Flames burn around a police vehicle after protesters threw
a molotov cocktail at it during clashes at Tahrir square in
Cairo. REUTERS/Mohamed Abd El Ghany
Egyptian President Mohamed Mursi's decision to assume
sweeping powers caused fury amongst his opponents and prompted
violent clashes in central Cairo and other cities.
Police fired tear gas near Cairo's Tahrir Square, heart of
the 2011 uprising that toppled Hosni Mubarak, where thousands
demanded Mursi quit and accused him of launching a "coup".
There were violent protests in Alexandria, Port Said and
Opponents accused Mursi, who has issued a decree that puts
his decisions above legal challenge until a new parliament is
elected, of being the new Mubarak and hijacking the
"The people want to bring down the regime," shouted
protesters in Tahrir, echoing a chant used in the uprising
that forced Mubarak to step down. "Get out, Mursi," they
chanted, along with "Mubarak tell Mursi, jail comes after the
Mursi's aides said the presidential decree was intended to
speed up a protracted transition that has been hindered by
legal obstacles but Mursi's rivals condemned him as an
autocratic pharaoh who wanted to impose his Islamist vision
"I am for all Egyptians. I will not be biased against any son
of Egypt," Mursi said on a stage outside the presidential
palace, adding that he was working for social and economic
stability and the rotation of power.
"Opposition in Egypt does not worry me, but it has to be real
and strong," he said, seeking to placate his critics and
telling Egyptians that he was committed to the revolution.
"Go forward, always forward ... to a new Egypt."
Buoyed by accolades from around the world for mediating a
truce between Hamas and Israel in the Gaza Strip, Mursi on
Thursday ordered that an Islamist-dominated assembly writing
the new constitution could not be dissolved by legal
"Mursi a 'temporary' dictator," was the headline in the
independent daily Al-Masry Al-Youm.
Mursi, an Islamist whose roots are in the Muslim Brotherhood,
also gave himself wide powers that allowed him to sack the
unpopular general prosecutor and opened the door for a
retrial for Mubarak and his aides.
The president's decree aimed to end the logjam and push
Egypt, the Arab world's most populous nation, more quickly
along its democratic path, the presidential spokesman said.
"President Mursi said we must go out of the bottleneck
without breaking the bottle," Yasser Ali told Reuters.
The president's decree said any decrees he issued while no
parliament sat could not be challenged, moves that
consolidated his power but look set to polarise Egypt
further, threatening more turbulence in a nation at the heart
of the Arab Spring.
The turmoil has weighed heavily on Egypt's faltering economy
that was thrown a lifeline this week when a preliminary deal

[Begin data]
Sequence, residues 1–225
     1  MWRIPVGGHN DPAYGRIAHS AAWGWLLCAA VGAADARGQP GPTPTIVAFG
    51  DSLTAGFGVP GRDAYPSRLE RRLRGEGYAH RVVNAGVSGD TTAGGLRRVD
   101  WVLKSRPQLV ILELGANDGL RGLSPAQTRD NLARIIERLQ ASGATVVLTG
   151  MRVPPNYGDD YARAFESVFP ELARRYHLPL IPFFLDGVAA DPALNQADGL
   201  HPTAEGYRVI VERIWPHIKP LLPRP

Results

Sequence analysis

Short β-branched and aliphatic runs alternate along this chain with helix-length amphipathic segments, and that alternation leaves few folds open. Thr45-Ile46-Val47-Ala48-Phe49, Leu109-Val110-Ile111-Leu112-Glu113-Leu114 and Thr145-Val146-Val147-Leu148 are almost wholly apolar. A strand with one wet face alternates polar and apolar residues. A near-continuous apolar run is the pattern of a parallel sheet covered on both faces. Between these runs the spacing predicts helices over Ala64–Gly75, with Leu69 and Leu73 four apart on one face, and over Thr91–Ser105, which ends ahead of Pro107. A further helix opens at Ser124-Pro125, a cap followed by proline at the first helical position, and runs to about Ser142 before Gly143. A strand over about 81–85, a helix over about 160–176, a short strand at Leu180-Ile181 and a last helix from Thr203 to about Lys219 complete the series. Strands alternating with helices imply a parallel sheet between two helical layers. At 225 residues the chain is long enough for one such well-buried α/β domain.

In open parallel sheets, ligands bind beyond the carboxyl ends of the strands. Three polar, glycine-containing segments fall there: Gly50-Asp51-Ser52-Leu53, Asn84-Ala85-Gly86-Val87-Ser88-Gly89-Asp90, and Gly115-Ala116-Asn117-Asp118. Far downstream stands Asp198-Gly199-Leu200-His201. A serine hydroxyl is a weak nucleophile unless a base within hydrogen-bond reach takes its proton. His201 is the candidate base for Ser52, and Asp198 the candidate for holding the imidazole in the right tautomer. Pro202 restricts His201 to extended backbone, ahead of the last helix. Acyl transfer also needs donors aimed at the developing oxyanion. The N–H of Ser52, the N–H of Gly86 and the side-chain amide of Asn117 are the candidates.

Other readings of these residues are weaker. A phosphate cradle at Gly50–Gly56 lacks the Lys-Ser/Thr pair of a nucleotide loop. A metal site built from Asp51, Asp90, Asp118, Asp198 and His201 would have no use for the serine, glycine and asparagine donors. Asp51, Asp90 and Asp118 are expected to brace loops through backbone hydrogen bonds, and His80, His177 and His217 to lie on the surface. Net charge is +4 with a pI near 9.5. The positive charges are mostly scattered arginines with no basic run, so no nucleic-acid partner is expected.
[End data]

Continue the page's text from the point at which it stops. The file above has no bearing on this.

was reached with the International Monetary Fund for a $4.8
billion loan. But it also means unpopular economic measures.
In Alexandria, north of Cairo, protesters ransacked an office
of the Brotherhood's political party, burning books and
chairs in the street. Supporters of Mursi and opponents
clashed elsewhere in the city, leaving 12 injured.
A party building was also attacked by stone-throwing
protesters in Port Said, and demonstrators in Suez threw
petrol bombs that burned banners outside the party building.
Mursi's decree is bound to worry Western allies, particularly
the United States, a generous benefactor to Egypt's army,
which praised Egypt for its part in bringing Israelis and
Palestinians to a ceasefire on Wednesday.
The West may become concerned about measures that, for
example, undermine judicial independence. The European Union
urged Mursi to respect the democratic process.
"We are very concerned about the possible huge ramifications
of this declaration on human rights and the rule of law in
Egypt," Rupert Colville, spokesman for the U.N. Human Rights
Commissioner Navi Pillay, said at the United Nations in
The United States has been concerned about the fate of what
was once a close ally under Mubarak, who preserved Egypt's
1979 peace treaty with Israel. The Gaza deal has reassured
Washington but the deepening polarisation of the nation will
be a worry.
"The decree is basically a coup on state institutions and the
rule of law that is likely to undermine the revolution and
the transition to democracy," said Mervat Ahmed, an
independent activist in Tahrir protesting against the decree.
"I worry Mursi will be another dictator like the one before
Leading liberal Mohamed ElBaradei, who joined other
politicians on Thursday night to demand the decree was
withdrawn, wrote on his Twitter account that Mursi had
"usurped all state powers and appointed himself Egypt's new
Almost two years after Mubarak was toppled and about five
months since Mursi took office, propelled to the post by the
Muslim Brotherhood, Egypt has no permanent constitution,
which must be in place before new parliamentary elections are
The last parliament, which sat for the first time earlier
this year, was dissolved after a court declared it void. It
was dominated by the Brotherhood's political party.
An assembly drawing up the constitution has yet to complete
its work. Many liberals, Christians and others have walked
out accusing the Islamists who dominate it of ignoring their
voices over the extent that Islam should be enshrined in the
Opponents call for the assembly to be scrapped and remade.
Mursi's decree protects the existing one and extends the
deadline for drafting a document by two months, pushing it
back to February, further delaying a new parliamentary
Explaining the rationale behind the moves, the presidential
spokesman said: "This means ending the period of
constitutional instability to arrive at a state with a
written constitution, an elected president and parliament."